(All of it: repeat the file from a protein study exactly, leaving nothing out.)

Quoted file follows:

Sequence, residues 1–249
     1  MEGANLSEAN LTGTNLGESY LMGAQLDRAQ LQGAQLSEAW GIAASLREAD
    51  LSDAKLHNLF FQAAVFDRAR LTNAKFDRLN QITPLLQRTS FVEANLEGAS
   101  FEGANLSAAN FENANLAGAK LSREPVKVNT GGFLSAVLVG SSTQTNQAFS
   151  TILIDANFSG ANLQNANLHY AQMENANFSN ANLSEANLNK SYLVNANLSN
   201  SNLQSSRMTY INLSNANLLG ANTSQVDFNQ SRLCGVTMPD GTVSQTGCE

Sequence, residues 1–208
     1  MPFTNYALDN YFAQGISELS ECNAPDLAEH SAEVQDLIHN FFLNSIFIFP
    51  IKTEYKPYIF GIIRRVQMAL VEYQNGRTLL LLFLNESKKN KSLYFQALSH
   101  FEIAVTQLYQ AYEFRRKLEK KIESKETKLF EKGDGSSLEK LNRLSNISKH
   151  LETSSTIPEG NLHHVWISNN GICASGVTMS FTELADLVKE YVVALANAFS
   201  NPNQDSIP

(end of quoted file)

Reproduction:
Sequence, residues 1–249
     1  MEGANLSEAN LTGTNLGESY LMGAQLDRAQ LQGAQLSEAW GIAASLREAD
    51  LSDAKLHNLF FQAAVFDRAR LTNAKFDRLN QITPLLQRTS FVEANLEGAS
   101  FEGANLSAAN FENANLAGAK LSREPVKVNT GGFLSAVLVG SSTQTNQAFS
   151  TILIDANFSG ANLQNANLHY AQMENANFSN ANLSEANLNK SYLVNANLSN
   201  SNLQSSRMTY INLSNANLLG ANTSQVDFNQ SRLCGVTMPD GTVSQTGCE

Sequence, residues 1–208
     1  MPFTNYALDN YFAQGISELS ECNAPDLAEH SAEVQDLIHN FFLNSIFIFP
    51  IKTEYKPYIF GIIRRVQMAL VEYQNGRTLL LLFLNESKKN KSLYFQALSH
   101  FEIAVTQLYQ AYEFRRKLEK KIESKETKLF EKGDGSSLEK LNRLSNISKH
   151  LETSSTIPEG NLHHVWISNN GICASGVTMS FTELADLVKE YVVALANAFS
   201  NPNQDSIP